1. 1. Business email best practices the Good, the Bad, & the Ugly Jeff Doubek Content Consultant Doubek Worldwide Media, Inc.
  2. 2. 110 msgs The average person receives per day. *The Radicati Group - 2010 “Email Statistics Report”
  3. 3. Quick story... In the days I ran a non-profit, I remember my non-profit community reacting angrily to an email, causing a day’s worth of email volleys. Back and forth. In the end, it was discovered the whole deal was taken out of context, something a quick phone call could have easily prevented. The moral here...
  4. 4. “Email is a good and bad thing.” So be responsible.
  5. 5. <Habit 1>
  6. 6. Be clear and concise
  7. 7. Examples: Specific subject lines “Inverted pyramid” body Call to action
  8. 8. Subject examples: Original “Social Media Mastery” Better “Please read: Tips for social media mastery” Best “Useful tips for increasing our social media ROI”
  9. 9. Message body Cut to the chase
  10. 10. The inverted pyramid: Put the important information at the top
  11. 11. State your purpose! “I am requesting feedback today on the attached doc in order to meet tomorrow’s deadline.”
  12. 12. Support that statement “This is the XYZ product presentation, based on comments from yesterday’s meeting.”
  13. 13. Two more tips... Give me a bullet... • please! Close with call to action: “Please respond and provide specific feedback – thank you.”
  14. 14. NRN No reply necessary.
  15. 15. Don’t thank me Request acknowledgement of receipt Do you need to be thanked? Never copy all on a thank you
  16. 16. When responding... Answer all questions Pre-empt further questions
  17. 17. More great tips... cc with care Reply all rarely Avoid email “ping-pong”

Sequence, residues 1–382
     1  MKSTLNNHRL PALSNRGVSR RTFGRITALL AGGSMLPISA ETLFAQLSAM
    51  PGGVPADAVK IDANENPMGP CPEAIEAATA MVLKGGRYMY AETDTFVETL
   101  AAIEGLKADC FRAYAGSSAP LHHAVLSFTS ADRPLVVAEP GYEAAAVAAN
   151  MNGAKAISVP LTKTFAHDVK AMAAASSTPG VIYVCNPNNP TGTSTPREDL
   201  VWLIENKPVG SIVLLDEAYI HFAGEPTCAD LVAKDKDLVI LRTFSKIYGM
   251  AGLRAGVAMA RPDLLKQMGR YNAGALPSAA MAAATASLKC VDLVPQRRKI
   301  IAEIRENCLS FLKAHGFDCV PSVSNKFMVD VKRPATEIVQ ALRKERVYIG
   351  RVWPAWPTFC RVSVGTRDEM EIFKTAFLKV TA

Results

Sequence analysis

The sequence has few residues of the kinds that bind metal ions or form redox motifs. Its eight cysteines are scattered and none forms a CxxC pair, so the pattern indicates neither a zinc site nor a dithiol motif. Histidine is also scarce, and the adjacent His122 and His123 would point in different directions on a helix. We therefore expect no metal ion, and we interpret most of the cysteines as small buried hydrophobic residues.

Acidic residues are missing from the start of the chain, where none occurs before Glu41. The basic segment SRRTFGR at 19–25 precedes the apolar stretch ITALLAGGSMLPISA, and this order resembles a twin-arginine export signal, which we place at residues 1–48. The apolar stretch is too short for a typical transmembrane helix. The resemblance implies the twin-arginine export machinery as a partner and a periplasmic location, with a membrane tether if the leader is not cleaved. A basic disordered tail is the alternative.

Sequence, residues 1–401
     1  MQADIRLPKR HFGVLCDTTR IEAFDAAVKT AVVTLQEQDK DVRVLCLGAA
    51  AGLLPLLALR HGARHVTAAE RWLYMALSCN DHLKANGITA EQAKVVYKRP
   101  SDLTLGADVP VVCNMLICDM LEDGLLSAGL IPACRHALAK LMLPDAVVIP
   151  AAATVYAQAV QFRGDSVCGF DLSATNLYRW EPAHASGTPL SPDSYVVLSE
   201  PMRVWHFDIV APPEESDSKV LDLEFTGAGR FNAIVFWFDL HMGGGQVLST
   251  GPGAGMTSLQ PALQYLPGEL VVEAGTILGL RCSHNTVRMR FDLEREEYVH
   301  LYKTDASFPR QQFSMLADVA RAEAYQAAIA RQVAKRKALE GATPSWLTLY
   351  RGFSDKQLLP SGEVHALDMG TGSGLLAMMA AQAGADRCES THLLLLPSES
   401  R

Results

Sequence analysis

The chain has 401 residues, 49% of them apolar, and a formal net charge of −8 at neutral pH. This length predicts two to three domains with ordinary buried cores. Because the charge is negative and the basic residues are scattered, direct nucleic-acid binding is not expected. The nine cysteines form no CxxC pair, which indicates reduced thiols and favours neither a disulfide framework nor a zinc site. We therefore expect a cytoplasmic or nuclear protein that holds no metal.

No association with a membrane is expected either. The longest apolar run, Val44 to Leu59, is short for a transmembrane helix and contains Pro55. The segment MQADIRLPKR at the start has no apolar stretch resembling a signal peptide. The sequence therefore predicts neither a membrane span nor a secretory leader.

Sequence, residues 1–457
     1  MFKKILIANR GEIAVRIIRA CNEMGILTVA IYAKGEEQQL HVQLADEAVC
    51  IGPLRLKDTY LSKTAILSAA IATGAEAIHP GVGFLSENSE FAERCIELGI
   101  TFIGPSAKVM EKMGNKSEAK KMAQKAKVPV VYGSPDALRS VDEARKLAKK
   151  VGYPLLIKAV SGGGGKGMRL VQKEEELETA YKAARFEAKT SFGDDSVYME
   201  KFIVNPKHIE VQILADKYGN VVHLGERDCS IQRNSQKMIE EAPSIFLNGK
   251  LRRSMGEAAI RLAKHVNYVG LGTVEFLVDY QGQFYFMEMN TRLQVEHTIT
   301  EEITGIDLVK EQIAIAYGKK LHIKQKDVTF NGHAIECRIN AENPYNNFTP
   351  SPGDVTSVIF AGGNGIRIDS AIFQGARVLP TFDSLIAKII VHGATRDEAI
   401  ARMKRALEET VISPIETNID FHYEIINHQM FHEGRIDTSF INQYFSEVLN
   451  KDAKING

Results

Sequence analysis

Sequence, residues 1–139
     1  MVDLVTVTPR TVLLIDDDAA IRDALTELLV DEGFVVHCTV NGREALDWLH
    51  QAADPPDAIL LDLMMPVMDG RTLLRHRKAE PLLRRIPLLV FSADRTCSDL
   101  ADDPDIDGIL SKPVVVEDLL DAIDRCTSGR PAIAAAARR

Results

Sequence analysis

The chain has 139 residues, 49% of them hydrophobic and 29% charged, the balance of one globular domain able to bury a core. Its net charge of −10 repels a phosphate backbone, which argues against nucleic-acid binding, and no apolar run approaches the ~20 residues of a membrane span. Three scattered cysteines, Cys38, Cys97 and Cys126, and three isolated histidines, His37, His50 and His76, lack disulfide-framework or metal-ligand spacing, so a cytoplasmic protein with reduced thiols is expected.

18. 18. <Habit 2>
  19. 19. Limit email time Schedule inbox checks: (e.g. 8:30, 1:30, 4:30) Make few exceptions
  20. 20. Do yourself a favor...
  21. 21. Turn off the alerts!
  22. 22. <Habit 3>
  23. 23. Process your inbox • 3-Rs: read, respond, remove • 2-minute rule: if you can respond in 2 minutes, then do it! • (the key is to make decisions)
  24. 24. Create follow-up tasks
  25. 25. In Outlook:
  26. 26. Use inbox folders
  27. 27. They are decision enablers, make labels such as: “Save for reference” “To read (later)” Project titles
  28. 28. Make flag rules
  29. 29. The flag routine Blue = unprocessed Red = needs follow-up Check = done “Right click” to change
  30. 30. Remember though...
  31. 31. “Don’t let the process replace the action.”
  32. 32. Also... *** The 24-hour Rule *** Wait a day before replying to messages that anger you. Avoid emotional responses.
  33. 33. Final Story... I once worked for an employer who made a point of dressing down his charges via email, and did it while bcc-ing half the company. It created a horrible culture of mistrust. You never knew if your next note from him was Being broadcast to the entire company. The moral here...
  34. 34. Be Responsible.
  35. 35. Takeaways 1. Be clear and be concise 2. Check 3 times only 3. Process your inbox
  36. 36. Thank you! More tips at: www.doubekworldwide.com